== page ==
Helping children deal with the behaviour of others

An interesting moment of serendipity happened just as I was preparing to write this post in the form of an article from the BBC website all about bullying and over protected children. The gist of it was that children who have been over protected and thereby stopped from learning the ropes of social interaction by trial and error are more likely to be bullied than their more practiced peers. I love an article that can quote research and I particularly love an article that backs up what I have been telling parents for a long time but couldn’t prove.

upset young man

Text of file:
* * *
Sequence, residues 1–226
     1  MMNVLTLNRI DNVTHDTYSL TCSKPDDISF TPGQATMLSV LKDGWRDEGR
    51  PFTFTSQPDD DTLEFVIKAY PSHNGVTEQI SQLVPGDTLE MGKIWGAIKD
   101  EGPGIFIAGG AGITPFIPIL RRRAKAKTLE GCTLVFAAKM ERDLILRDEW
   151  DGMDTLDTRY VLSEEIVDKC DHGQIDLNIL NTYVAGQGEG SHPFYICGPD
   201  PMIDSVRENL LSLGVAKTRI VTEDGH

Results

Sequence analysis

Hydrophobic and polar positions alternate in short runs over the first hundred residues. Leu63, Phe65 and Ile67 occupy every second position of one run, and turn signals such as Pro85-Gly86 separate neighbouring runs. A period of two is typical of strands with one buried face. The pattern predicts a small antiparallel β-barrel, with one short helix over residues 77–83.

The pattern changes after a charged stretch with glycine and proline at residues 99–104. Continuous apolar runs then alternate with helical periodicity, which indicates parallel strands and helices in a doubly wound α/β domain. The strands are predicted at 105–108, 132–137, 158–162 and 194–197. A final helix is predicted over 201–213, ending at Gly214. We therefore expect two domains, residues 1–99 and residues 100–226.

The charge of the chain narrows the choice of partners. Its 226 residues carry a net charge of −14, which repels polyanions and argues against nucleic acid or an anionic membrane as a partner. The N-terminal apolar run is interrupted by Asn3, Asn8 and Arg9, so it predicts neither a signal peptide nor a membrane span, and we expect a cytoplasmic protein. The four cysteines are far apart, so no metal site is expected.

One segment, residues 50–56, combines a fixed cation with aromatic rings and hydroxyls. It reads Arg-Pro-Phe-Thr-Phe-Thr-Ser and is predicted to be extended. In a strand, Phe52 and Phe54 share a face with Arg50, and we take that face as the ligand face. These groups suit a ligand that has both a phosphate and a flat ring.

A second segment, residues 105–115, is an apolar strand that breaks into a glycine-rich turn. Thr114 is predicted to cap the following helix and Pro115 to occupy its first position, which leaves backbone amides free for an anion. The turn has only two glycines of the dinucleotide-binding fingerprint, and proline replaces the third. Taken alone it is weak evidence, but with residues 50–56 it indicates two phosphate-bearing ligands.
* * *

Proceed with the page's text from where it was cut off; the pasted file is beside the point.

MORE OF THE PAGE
I have been observing the details of this behaviour for so long I have even come up with my own name for it, ‘over-adulting’. To me there are several components of this behaviour but in essence it is all about adults wanting their child to be perfectly behaved around others.  in case you think it can’t be done, it most certainly can as long as you are prepared to be constantly supervising everything they do. The downside is that children do not learn  to manage complex social relationships or behaviour from adults telling them adult solutions to problems.  They learn from watching, particularly interactions between other children slightly older than themselves,  and from how others react to their choices. When we take away their choices by giving them ours and interfere in the consequences too learning simply doesn’t take place. essentially children learn many of the complexities of social relationships from a very young age so children who have not been allowed to mix freely with others of differing ages ( without hovering adults) before they are four or five  may well struggle  throughout their childhood and adolescence.  This is particularly important for eldest and only children who don’t have an every day older child to learn from by watching and interacting with.